At her church was a little boy named Ryan*. Ryan’s mom and sister lived in the neighbourhood of the church and got mildly involved when he was quite small. He was developmentally disabled and had some high needs. At that time, a cluster of dear elderly ladies took him under their wing and made sure he always had a place to sit, a snack, and had a warm welcomed time. However, over the years Ryan’s mom and sister stopped coming to the church. It didn’t stop Ryan though, he walked down the street and showed up faithfully every Sunday. This went on for quite a few years. However,  the ladies that cared for him each week were getting older and eventually each of them passed away.
Without these care givers, the church had to sit down and say, “what are we going to do with Ryan?” Who is going to take care of him, who is going to make sure he is included and welcomed into the Body of Christ? However, when no one stepped forward, they felt that the only way Ryan could continue coming was if his single mother accompanied him. They decided that unsupervised, Ryan wouldn’t be allowed to participate. It is unclear at this point how the church communicated with Ryan’s mother or if she understood the expectations. But apparently this was communicated to the family.
The next Sunday Ryan showed up on his own again though, no mother to be seen.
Overwhelmed and frazzled, the church again said, “What are we going to do about Ryan?” Apparently his mother isn’t coming with him…
They decided that the next time Ryan showed up on his own, they would lock the doors and pretend that they weren’t there until he went away.
And again Ryan showed up the next week without his mother.
This time he tried the glass doors but they wouldn’t open.
He peered through, but no one seemed to be in sight (Strange, as there were cars in the parking lot…)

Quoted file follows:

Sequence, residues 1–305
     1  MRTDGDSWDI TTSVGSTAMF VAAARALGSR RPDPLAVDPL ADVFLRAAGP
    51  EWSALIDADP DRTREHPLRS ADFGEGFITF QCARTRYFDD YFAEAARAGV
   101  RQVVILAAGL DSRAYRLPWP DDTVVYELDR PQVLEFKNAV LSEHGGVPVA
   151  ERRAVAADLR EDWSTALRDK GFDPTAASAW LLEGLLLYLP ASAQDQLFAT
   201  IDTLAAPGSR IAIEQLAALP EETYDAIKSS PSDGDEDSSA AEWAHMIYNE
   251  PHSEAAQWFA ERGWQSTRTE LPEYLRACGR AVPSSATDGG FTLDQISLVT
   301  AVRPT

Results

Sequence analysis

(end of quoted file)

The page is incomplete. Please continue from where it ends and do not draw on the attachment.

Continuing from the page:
He tried the bell, but no one came.
My friend told me at this point in the situation, she peered out from behind one of the doors. All she could see was Ryan crumpled over on the steps crying in his lap.
She never saw him return to the church again.


Whenever I think of this story, I shudder.
There are few images that are so “anti-church” and so contrary to the person of Christ in our culture than this one. My heart breaks for Ryan. I can’t imagine the damage done to the human soul when the Body of Christ tells you,  ‘there’s no room you, you are too much”.
Now, I do deeply sympathize with this small congregation with limited resources and limited experience… They were honestly ill equipped to know how to express their needs and expectations. They were ill equipped to brainstorm creative solutions. And I also hurt for that mom who was likely burnt out and overwhelmed in the background.
But at the end of the day, I have to question why this situation need ever to happen in our North American church. It is so unnecessary.
If we are not here for Ryan, than who Are we here for?
Did not Christ come for the least of these?
Couldn’t there have been another way? Like coming up with a plan for a community effort to support? Even hiring a respite worker to assist the community with specific challenges?
Couldn’t someone at least walked the road home with him and apologized to him and to his mother that they didn’t have the capacity to provide care, but they wanted to partner with them to find a way to move forward in relationship?!
-But Locking out. Hiding. Pretending. ?
This isn’t the way of Christ.

As we process Inclusion and Accessibility within the CBOQ I think of this church and kids like Ryan.
A lot of us are limited in resources or even in capacity. We want to exercise hospitality to the ‘least of these’ but we don’t know how to give when we already feel so stretched.
We don’t have all the answers, but I think this process begins with the stature of our hearts. If we feel it is important, we will find a way. If we truly believe that our God is the God of the children, the lepers, the women and the outcast- We will find away to live those beliefs out in our churches today. Sometimes this doesn’t mean started a new mid week program with puppets and games geared to kinesthetic learners.. sometimes its the simplicity of an elderly lady coming alongside of a child and making sure they get a cookie too.
The world is full of exclusivity. Places where we are accused of stealing power by plugging in our laptops, of being messy with the furniture, or not getting with the program.
But our churches aren’t those places. We aren’t that place. Gratefully, I have never experienced my church family in this way.
It is my prayer that those on our fringes, that they would experience our church family with the same warmth.
May we approach this conversation and say,
we don’t know how to be together… But we want to be.
You are so precious to the Kingdom of God, so lets find a way. 


+ There are no comments

Add yours